Qiskit® moves fast

The IBM Quantum Experience® Notebook environment always runs the latest version of Qiskit®, and it might be a good idea to test drive your code in that environment before you upgrade your local environment.

You can also subscribe to notification updates, to find out when a new release has been offered:

  1. Log in to IBM Quantum Experience® at
  2. On the IBM Quantum Experience® dashboard, find your user icon in the upper-right corner, click it, and select My account.
  3. On the account page, under Notification settings, set Updates and new feature announcements to On.

Getting ready

Before you begin, verify which version of Qiskit® you are running for each of your environments (if you have more than one).

For each environment, launch Python, either from the command line, from an IDE such as Spyder, or as a Jupyter notebook, then execute the following code:

>>> import qiskit
>>> qiskit.__qiskit_version__

If you have an old version of Qiskit® installed, the preceding code might result in the following output:

{'qiskit-terra': '0.9.0', 'qiskit-aer': '0.3.0', 'qiskit-ibmq-provider': '0.3.0', 'qiskit-aqua': '0.6.0', 'qiskit': '0.12.0'}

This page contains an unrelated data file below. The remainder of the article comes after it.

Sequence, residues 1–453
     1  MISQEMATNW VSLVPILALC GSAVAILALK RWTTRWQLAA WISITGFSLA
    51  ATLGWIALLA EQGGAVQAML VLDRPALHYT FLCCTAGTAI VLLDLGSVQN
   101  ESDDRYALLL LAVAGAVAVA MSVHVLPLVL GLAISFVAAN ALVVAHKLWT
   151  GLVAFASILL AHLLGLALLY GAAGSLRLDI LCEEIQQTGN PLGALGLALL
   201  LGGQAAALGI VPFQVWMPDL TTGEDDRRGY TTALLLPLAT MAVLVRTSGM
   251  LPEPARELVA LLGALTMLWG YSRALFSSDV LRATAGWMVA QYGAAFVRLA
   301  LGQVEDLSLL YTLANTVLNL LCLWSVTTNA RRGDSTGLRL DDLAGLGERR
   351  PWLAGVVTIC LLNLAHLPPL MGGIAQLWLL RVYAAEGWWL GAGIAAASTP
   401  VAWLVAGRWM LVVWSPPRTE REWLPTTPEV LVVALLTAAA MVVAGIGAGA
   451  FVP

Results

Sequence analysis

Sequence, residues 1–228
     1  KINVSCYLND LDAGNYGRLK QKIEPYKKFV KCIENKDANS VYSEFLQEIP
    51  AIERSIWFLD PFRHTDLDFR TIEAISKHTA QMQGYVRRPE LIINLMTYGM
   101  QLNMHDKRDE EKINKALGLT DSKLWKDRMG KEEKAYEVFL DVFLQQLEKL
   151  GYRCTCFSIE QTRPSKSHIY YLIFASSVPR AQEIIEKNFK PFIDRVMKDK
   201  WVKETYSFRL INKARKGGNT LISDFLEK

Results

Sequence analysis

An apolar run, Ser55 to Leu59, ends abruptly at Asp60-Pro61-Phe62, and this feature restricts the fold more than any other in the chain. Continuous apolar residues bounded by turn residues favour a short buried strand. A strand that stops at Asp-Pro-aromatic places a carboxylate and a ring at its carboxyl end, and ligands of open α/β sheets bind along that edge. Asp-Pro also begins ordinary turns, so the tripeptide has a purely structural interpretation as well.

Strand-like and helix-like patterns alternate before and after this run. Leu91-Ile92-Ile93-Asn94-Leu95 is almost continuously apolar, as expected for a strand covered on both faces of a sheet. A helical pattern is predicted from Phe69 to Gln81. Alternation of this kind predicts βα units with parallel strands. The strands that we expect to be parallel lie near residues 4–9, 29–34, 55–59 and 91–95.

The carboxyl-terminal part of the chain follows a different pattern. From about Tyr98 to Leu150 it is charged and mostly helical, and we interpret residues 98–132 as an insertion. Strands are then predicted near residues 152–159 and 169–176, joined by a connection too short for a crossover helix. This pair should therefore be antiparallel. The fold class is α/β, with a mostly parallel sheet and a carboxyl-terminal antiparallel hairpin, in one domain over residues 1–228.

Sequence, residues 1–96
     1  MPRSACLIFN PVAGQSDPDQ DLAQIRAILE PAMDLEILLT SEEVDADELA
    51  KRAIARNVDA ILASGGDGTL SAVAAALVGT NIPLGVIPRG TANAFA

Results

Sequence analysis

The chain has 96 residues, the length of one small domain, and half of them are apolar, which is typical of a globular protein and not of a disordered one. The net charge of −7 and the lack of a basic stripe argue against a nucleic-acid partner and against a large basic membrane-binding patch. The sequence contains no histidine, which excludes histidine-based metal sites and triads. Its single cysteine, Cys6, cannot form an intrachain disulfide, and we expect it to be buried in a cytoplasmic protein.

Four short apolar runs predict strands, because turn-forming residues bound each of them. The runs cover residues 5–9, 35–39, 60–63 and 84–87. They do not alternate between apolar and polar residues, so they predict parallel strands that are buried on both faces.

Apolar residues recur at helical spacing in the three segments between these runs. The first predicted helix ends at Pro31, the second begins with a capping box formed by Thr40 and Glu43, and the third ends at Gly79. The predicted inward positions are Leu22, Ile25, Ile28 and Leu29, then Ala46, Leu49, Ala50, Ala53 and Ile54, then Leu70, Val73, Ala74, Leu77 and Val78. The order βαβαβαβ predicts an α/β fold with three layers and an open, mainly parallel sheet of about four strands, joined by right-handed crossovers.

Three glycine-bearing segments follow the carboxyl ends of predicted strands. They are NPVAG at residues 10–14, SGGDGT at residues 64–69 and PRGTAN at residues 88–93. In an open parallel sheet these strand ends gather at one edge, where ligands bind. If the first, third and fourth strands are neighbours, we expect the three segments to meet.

You can then go to the Qiskit® release notes to find out if there is a more up-to-date version available:

This is a lot of steps just to make sure. The whole process is automated in Python. To go down that path, go to the next section.

How to do it...

  1. Activate your virtual environment:
    $ conda activate environment_name
  2. Run the following command to check for outdated pip packages for your virtual environment:
    (environment_name) … $  pip list --outdated
  3. This will return a list of all your pip packages that are currently outdated and list the available versions:
    Example:Package                  Version  Latest   Type 
    ------------------------ -------- -------- -----
    qiskit                   0.19.6   0.21.0   sdist
    qiskit-aer               0.5.2    0.6.1    wheel
    qiskit-aqua              0.7.3    0.7.5    wheel
    qiskit-ibmq-provider     0.7.2    0.9.0    wheel
    qiskit-ignis             0.3.3    0.4.0    wheel
    qiskit-terra             0.14.2   0.15.1   wheel 
  4. It is then a breeze to update Qiskit® using pip:
    (environment_name) … $  pip install qiskit --upgrade
  5. From the command line, verify that Qiskit® is installed:
    (environment_name)… $ pip show qiskit

    This will result in an output similar to the following: